Among the popular images, a songbird freed from its cage singing “I love liberty” communicated the movement toward free expression and participation in government by the governed. This evolved into America’s government “by the people, for the people,” symbolized by the eagle, with its wings outspread and shield-emblazoned body clutching the symbols of both war and peace in its talons.

“Flights of Fancy” also explores how these spoons were made and decorated and includes the only three known surviving dies that were used to transfer images onto spoons. The exhibition draws from the Ineson-Bissell Collection of about 8,000 pieces of American silver flatware dating between 1650 and 1900, as well as the Tousey Collection of 3,800 pieces of silver, both at Winterthur. In addition, some private pieces are on display. “Flights of Fancy: American Silver Bird-Decorated Spoons” is on view in The Society of Winterthur Fellows Gallery through April 20, 2001.

Detail of a Federal Eagle embossed on a silver teaspoon made by Samuel Krause in Lancaster, Pennsylvania about 1810.

Photos courtesy of Winterthur.

Classical Furniture from 19th Century New York
Discover the brilliance of fashionable early 19th-century interiors in “That Classy Classical Style: New York Furniture, 1800-1825.” The exhibition showcases furniture with flashy veneers and shiny gilt mounts as well as imported decorative objects as it paints a picture of this period in American interior decoration.

Like their contemporaries today, well-to-do Americans in the early 19th century had a taste for the finest. In the exhibition, visitors see how the artisans of New York rose to the challenge of their customers’ demands for elegant furniture in the fashionable classical style popular in, and inspired by, both England and France.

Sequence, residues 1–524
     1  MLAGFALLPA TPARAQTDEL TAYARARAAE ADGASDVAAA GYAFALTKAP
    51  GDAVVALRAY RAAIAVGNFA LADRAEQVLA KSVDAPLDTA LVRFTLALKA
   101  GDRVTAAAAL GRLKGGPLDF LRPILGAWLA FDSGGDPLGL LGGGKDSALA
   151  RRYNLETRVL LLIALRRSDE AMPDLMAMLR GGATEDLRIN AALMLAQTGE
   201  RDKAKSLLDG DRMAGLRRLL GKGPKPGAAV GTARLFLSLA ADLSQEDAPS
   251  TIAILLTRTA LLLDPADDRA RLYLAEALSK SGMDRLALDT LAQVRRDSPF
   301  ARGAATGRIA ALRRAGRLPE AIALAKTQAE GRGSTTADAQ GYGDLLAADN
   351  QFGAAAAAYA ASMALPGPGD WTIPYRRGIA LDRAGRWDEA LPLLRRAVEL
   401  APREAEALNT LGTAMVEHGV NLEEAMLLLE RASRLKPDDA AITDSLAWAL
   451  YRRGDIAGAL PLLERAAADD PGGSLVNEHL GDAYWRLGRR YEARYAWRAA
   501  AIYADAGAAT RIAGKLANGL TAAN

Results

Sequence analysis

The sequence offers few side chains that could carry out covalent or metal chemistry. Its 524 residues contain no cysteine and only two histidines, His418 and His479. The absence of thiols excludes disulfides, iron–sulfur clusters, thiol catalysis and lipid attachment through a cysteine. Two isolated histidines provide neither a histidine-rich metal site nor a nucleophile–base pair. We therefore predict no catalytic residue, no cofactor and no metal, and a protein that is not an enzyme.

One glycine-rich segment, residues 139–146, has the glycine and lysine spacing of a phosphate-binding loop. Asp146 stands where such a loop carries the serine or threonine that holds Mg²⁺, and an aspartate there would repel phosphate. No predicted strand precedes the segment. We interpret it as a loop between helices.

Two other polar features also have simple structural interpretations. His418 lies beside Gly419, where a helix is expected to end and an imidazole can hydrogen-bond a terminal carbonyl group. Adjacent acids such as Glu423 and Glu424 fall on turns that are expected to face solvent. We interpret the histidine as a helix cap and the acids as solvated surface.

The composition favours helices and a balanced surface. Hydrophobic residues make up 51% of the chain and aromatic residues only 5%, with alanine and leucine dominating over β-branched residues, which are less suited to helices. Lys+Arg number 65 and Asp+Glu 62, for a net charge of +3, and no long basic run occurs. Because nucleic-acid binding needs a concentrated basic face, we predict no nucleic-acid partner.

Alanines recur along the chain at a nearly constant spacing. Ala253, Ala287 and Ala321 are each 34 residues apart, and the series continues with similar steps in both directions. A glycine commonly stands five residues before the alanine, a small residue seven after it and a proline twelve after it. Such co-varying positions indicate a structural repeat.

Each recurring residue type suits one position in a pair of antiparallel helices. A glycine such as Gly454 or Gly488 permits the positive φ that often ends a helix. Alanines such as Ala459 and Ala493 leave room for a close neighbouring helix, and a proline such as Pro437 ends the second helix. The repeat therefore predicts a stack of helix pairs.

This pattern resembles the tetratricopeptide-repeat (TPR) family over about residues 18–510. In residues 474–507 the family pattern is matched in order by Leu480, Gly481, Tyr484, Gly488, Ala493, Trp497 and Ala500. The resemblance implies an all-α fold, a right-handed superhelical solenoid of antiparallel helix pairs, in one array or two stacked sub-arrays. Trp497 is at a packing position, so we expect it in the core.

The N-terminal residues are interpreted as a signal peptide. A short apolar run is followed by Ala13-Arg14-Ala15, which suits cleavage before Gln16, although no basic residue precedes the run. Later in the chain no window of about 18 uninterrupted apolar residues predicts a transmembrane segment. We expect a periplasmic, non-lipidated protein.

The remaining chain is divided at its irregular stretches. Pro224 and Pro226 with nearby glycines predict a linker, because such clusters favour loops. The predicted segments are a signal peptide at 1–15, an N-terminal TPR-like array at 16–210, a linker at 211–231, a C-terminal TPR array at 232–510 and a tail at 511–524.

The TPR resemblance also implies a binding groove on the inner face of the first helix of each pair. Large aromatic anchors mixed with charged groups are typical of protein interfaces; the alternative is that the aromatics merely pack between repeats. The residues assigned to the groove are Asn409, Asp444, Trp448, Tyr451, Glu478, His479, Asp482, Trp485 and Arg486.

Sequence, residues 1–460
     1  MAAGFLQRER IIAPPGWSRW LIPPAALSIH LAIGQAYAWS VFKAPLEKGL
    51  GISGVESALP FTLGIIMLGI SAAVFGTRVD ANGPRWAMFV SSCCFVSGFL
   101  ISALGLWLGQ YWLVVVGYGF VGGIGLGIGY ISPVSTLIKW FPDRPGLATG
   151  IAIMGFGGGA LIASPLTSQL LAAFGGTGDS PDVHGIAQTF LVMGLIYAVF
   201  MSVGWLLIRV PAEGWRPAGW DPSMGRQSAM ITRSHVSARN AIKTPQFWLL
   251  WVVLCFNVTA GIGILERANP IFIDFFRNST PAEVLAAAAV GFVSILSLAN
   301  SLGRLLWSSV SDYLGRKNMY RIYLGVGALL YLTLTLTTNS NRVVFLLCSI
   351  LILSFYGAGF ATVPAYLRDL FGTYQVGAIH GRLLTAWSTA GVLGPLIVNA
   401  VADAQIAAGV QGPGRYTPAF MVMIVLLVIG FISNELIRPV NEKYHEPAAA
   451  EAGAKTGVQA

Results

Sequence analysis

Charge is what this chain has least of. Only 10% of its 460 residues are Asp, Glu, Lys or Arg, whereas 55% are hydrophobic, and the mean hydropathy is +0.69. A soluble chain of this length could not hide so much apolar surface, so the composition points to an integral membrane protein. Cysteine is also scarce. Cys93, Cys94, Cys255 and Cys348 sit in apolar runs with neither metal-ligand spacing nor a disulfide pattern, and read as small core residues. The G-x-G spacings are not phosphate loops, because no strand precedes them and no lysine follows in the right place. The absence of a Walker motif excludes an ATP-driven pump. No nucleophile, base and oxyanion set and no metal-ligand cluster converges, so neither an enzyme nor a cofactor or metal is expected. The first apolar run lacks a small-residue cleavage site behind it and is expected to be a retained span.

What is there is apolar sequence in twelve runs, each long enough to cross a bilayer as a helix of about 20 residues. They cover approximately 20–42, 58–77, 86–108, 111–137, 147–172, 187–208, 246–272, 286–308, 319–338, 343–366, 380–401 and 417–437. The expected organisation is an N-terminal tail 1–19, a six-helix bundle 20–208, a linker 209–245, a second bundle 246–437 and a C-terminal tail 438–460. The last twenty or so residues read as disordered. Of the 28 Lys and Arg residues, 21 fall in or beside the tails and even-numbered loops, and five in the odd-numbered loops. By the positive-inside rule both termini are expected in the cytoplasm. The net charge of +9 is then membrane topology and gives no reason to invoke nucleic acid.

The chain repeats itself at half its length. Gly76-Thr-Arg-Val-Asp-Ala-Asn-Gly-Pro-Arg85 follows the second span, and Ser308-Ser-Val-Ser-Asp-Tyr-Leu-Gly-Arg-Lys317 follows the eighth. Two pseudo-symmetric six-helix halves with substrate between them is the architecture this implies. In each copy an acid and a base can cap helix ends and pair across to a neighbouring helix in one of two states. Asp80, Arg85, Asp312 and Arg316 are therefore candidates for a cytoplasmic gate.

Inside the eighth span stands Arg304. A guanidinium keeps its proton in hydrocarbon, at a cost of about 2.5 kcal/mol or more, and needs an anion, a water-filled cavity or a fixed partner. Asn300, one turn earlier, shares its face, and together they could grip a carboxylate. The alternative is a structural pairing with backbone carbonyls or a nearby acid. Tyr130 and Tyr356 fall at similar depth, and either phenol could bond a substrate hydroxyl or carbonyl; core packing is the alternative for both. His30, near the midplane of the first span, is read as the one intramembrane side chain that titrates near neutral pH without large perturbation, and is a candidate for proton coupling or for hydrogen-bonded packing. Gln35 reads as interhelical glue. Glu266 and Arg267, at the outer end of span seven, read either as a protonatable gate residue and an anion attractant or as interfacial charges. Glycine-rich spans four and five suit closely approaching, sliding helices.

The classical style featured urns, lyres, mythological figures and other motifs inspired by archaeological discoveries at Pompeii and Herculaneum, and in Greece and Egypt. Furniture makers in England and France published their creations in design books that were imported into this country and used to make furniture that was often uniquely American. The exhibition will include an assortment of these colorful and lavish original English and French designs from the rare book collection in the Winterthur Library.

Winterthur has one of the largest collections of furniture actually marked by Lannuier, from his earliest, very French-style work done soon after his arrival in New York to pieces executed in a more English Regency style. Lannuier’s obsessively superior workmanship and limited production contrasts with the enormity of Phyfe’s manufacturing and marketing operation, as well as the fact that the latter’s career continued into the 1840s, several decades beyond that of Lannuier. Today, Phyfe is best known for the stylish scroll-back chairs with sabre legs that were almost a hallmark of his shop, although they were not unique to him.

The brilliance of the fashionable interiors of this period was also seen in the imported porcelains, gilt metal candelabra, and rich mantel clocks. Often the furniture and decorative pieces were put in rooms that had colorful imported wallpapers, silk window hangings, and expensive woven rugs. “That Classy Classical Style” will also include examples of these “necessary refinements” as it paints a picture of this rich and elegant period in American interior decoration.